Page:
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The Difference Between Violence and Competition

This past weekend saw what has since been referred to as the ‘greatest heavyweight fight of all time’ and one of the strongest contenders for fight of the year when Mark Hunt and Antonio Silva went toe to toe for five blistering rounds. Anyone and everyone with an appreciation of MMA and combat sports in general were united in their praise of two giant warriors. A dissenting voice could be heard though, the voice of Daily Telegraph writer Phil Rothfield who called for the sport to be banned in Australia following the spectacle.

Rothfield’s arguments were born of ignorance and a profound lack of understanding of combat sports and the nature of fighting. It was a fairly typical reaction from someone who has little or no knowledge of MMA and it rankled with many fans and with Dana White who tweeted Rothfield, telling him he had no idea what he had just watched. And that essentially is the problem.

Aside from basic factual errors (Hunt is not Australian and stomps are not allowed) Rothfield’s piece took a hysterical tone. What does it say about society when we pay to watch grown men fight, when we allow kids to watch fights but then tell them they shouldn’t do violence themselves (something I will come back to later)? In truth there were many points he made that I could take issue with but to address them all would take many hundreds of words and is unnecessary as he largely defeats his own arguments but I’ll look at a few. He mentions how MMA has the stats to prove it is safer than boxing but then dismisses this fact by stating we should Google worst MMA injuries to see the evidence for ourselves. My response to that would be Google worst soccer injuries and watch countless videos of ruptured knees and broken legs.

Then there is the insulting line about men ‘bashing each other into submission’ which displays an astounding lack of insight into what actually happens during an MMA bout. He mentions Hunt’s blonde hair being stained red by blood. A dramatic statement, sure, but again, how many contact sports do not result in blood. Does he watch Australian rules, one of the most aggressive, high intensity sports there is?

And of course, the old chestnut, women competing in MMA. To this I will say only, welcome to 2013, Phil.

The point about children watching can be countered by referring back to something I wrote about Conor McGregor before, a man who despite his brash talk, emphasises hard work and discipline above all else. A parent’s responsibility, as I’m sure all parents know, is to make a child understand the difference between wanton violence and competition. Rothfield would have us believe that all the children who witness the weekend’s events are going to be irreparably corrupted. Foolish in the extreme, I’m sure you will agree.

Now the point that stuck with this writer most firmly was the idea that society is crumbling because we cheered as two men did battle for our entertainment. Rothfield took the Australian crowd’s cheers as people baying for blood rather than in the spirit in which it was intended. That is, appreciation for the awesome display of courage and skill on display. Knowledge of both fighters of course added to the exhilaration. Silva, a genuine behemoth coming in off another lopsided loss to the incumbent heavyweight champion and Hunt, at one point completely unwanted by the UFC and now one of its most popular fighters. He writes of his disgust that this is considered entertainment and singularly fails to recognise that all sports except fighting are human contrivances, displays of athletic talent and skill borne of practice that are entirely without merit other than entertainment. Now, do not misunderstand me. I am a huge fan of soccer and rugby as well as taking more than a passing interest in various other sports. But without fans and followers these would not exist.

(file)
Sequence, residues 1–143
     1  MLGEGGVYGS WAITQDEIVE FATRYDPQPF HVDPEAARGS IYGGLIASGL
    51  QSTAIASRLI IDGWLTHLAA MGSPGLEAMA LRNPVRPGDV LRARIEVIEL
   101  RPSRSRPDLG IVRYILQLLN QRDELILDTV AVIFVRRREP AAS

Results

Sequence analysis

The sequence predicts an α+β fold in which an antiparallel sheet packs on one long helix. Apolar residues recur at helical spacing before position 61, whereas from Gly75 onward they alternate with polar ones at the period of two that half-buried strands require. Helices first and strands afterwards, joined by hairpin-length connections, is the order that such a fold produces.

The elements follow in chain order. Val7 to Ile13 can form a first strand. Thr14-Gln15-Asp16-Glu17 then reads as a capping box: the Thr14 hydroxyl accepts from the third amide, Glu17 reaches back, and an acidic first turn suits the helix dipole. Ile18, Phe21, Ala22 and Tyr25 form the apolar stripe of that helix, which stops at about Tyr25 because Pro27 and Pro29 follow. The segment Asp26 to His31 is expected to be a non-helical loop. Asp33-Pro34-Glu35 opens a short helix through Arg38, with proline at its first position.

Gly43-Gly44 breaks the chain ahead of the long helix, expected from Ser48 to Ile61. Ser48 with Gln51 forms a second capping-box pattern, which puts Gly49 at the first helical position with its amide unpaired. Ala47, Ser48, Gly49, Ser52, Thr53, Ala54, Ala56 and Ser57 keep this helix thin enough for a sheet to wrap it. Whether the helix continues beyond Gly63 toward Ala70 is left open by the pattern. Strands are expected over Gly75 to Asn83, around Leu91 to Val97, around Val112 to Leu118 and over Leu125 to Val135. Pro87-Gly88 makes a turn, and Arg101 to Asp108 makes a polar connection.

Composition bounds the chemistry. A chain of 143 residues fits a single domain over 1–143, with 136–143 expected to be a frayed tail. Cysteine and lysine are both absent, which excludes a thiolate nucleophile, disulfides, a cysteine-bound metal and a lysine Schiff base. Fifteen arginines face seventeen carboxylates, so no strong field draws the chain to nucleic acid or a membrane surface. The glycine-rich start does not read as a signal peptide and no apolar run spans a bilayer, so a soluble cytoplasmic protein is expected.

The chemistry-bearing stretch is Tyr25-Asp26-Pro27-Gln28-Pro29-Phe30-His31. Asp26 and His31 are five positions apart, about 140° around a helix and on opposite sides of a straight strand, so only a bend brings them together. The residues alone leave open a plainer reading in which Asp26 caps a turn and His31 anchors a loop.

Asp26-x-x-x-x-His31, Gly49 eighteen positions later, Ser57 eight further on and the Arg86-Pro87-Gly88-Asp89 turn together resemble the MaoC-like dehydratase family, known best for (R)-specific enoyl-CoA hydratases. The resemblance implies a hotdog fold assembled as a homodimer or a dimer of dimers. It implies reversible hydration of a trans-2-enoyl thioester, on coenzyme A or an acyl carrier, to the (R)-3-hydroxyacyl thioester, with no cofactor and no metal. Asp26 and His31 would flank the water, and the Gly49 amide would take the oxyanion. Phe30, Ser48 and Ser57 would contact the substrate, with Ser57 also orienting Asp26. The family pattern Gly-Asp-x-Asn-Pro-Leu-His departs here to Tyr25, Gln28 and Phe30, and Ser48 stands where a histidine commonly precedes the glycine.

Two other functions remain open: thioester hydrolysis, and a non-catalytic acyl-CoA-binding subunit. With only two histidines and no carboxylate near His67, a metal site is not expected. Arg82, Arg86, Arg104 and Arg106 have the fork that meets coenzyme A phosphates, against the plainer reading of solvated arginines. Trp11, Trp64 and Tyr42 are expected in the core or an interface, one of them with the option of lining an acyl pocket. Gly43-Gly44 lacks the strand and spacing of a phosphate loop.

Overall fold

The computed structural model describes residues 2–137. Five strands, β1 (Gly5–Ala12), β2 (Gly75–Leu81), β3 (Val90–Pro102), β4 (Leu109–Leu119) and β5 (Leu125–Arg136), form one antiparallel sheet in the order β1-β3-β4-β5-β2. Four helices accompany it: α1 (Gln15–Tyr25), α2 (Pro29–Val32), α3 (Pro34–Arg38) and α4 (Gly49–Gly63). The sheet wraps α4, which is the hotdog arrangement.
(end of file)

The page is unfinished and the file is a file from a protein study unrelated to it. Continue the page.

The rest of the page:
The same cannot be said of fighting which has always existed and now allows men and women to address the most primal competitive instinct within and MMA allows this to happen – despite what Rothfield says- in the most civilised environment possible. Sam Sheridan in his fantastic book A Fighter’s Heart (if you haven’t read it and you enjoy martial arts then you’re missing out) talks about combat sports being the most civilised thing two people can engage in. Why? Because they accept that each will be attempting to hurt and damage the other but there is a line than cannot be crossed, there are rules to be obeyed. Those who do cross these lines, Paul Daley for example when he struck Josh Koscheck after the bell or Rousimar Palharaes when he held onto submissions are absolutely vilified for it. Crossing the boundary is not just unacceptable but morally reprehensible. And at the bottom of it all, there is the idea that the UFC was founded on; who has the better technique? Fighters are attempting to execute fighting techniques more skilfully than their opponents in an attempt to win. I would posit that very few, if any, fighters legitimately enjoy hurting other human beings. Thus when two men are equally matched skill wise and also possess huge hearts and toughness like Hunt and Silva you get a fight like we witnessed the other night. Rothfield displays his own lack of understanding of the nature of competition in every word he writes.

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